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Transparency needed to avoid “moral hazard” in levies: AIST

Dan Purves




To avoid “moral hazard” the transparency in Cost Recovery Impact Statements (CRISs) needs to increase alongside the levy increases on financial institutions, says David Haynes, executive manager of policy and research at AIST.

The key issue, Haynes says, is ensuring there is appropriate transparency in ways that agencies spend the money that is given to them and accountability for that expenditure.

“It’s about avoiding moral hazard as ultimately it is members’ money,” Haynes says.

“The issue about the cost recovery guidelines is not just an arcane point, it is a point we have been making in many, many submissions over the past few years. The more significant the expenditure becomes, the more important those guidelines become at both a government level and an individual agency level.”

Responding to the government’s paper Proposed Financial Institutions Supervisory Levies for 2016-17, AIST submission highlighted it was difficult to assess the quantum or application of levies because a Cost Recovery Impact Statement (CRIS) had not yet been released.

The potential impact of levies were also hard to assess because the effects of the Regulator Performance Framework (designed to reduce inefficiency and red tape in financial services) had not fully become apparent, given its relatively recent introduction on July 1, 2015.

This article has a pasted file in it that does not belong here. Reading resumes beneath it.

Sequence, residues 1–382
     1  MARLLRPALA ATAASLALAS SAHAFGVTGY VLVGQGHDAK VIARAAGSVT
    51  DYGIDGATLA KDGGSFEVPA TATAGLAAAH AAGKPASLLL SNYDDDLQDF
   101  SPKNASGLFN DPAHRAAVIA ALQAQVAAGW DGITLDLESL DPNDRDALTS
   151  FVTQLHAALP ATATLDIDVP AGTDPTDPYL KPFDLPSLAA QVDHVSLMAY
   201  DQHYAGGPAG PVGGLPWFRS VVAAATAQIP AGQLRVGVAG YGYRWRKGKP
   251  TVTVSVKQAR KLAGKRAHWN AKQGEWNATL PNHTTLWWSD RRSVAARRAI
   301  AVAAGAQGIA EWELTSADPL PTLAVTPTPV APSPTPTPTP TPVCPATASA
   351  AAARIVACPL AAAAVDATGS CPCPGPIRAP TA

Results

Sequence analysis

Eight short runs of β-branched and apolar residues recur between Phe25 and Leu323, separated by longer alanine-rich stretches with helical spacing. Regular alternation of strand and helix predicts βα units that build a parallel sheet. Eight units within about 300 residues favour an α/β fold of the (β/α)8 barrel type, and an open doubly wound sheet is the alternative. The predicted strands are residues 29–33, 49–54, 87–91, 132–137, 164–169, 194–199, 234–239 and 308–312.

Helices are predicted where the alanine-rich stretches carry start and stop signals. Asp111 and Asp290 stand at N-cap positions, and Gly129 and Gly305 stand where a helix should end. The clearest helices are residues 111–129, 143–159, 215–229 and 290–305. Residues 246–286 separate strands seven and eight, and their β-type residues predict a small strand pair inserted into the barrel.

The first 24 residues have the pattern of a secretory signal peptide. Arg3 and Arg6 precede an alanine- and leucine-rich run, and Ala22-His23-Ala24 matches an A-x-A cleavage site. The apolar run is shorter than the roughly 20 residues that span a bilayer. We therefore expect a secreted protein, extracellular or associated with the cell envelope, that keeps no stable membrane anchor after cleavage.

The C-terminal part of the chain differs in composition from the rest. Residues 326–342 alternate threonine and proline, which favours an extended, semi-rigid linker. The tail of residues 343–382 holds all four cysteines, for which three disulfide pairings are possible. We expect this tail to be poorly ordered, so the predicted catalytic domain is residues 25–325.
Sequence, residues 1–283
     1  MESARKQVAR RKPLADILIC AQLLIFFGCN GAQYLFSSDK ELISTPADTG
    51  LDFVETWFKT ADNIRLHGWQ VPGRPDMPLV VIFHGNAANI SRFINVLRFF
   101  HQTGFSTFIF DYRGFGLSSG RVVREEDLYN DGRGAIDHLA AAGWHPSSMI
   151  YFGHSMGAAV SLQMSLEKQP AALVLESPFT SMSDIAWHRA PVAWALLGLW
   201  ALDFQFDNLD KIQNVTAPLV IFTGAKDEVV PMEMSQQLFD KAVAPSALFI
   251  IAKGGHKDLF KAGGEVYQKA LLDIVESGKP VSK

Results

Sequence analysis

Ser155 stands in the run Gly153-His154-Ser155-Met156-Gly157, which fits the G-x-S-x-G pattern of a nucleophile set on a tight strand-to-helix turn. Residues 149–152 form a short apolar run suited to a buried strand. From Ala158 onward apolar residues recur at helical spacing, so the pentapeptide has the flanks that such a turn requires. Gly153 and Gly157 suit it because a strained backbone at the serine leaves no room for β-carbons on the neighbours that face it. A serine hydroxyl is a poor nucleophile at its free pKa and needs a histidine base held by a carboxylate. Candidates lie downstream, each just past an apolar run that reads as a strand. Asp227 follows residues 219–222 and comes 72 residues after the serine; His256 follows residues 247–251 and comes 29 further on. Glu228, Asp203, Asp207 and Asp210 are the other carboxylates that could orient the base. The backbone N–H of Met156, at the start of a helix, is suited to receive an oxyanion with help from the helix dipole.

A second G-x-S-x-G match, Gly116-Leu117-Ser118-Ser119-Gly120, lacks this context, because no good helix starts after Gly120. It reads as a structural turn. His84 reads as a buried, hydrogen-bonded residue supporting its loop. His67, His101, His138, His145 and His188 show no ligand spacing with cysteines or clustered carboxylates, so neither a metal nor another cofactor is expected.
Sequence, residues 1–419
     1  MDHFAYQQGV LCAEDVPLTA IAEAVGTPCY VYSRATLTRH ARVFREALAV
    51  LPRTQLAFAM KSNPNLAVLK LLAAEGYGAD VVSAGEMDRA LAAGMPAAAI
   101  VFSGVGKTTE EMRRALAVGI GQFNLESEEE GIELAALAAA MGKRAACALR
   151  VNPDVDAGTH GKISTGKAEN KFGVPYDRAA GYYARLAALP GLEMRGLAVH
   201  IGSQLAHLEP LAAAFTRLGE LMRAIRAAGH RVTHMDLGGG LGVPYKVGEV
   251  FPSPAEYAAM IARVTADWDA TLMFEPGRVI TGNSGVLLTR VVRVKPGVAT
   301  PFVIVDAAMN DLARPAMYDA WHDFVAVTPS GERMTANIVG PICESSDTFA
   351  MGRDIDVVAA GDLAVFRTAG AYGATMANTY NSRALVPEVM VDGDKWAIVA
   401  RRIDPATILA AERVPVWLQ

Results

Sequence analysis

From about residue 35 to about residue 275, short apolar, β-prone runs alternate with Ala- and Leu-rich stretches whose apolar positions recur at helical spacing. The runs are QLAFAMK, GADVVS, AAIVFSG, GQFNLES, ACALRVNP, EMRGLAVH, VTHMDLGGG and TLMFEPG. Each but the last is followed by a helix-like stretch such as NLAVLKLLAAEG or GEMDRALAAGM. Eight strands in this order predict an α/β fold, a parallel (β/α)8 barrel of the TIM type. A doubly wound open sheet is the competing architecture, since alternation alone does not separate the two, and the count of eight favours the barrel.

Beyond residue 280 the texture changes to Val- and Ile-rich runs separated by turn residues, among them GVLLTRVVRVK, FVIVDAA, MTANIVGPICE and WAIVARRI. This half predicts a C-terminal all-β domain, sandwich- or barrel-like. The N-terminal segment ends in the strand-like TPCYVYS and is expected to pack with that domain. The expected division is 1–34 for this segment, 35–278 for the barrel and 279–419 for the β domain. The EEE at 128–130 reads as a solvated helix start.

“We continue to lack information to assess whether resources and outputs are aligned, and whether programs stated in the Proposed Levies Paper are indeed recoupable. We note also that the APRA CRIS that was circulated in arrears last year was considerably low on detail,” the submission says.

In addition, AIST listed the following (further) concerns about the changes to levies:

  • There was little detail regarding the allocation of cost-recoverable items to both the restricted (supervisory) and unrestricted (systemic) component of the levy.
  • It was not adequately explained how significant costs associated with large-scale court cases will be met, particularly as ASIC’s Enforcement Special Account would now be subject to cost recovery.
  • A range of programs would be included in the levies (such as the Early Release of Superannuation Benefits program, the Unclaimed Superannuation Moneys program and the Lost Member Register) but there were no costing methodologies nor information on whether expenditures would be included.


As such, AIST called on the government to simultaneously release CRISs from APRA, ASIC and the ATO, even in a draft form, so that activities, resources and funding could be accurately assessed.
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